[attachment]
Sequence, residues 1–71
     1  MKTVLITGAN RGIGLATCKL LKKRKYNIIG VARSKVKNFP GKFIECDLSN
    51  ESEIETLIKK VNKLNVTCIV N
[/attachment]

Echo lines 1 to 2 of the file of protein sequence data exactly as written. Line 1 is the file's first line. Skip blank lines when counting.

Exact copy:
Sequence, residues 1–71
     1  MKTVLITGAN RGIGLATCKL LKKRKYNIIG VARSKVKNFP GKFIECDLSN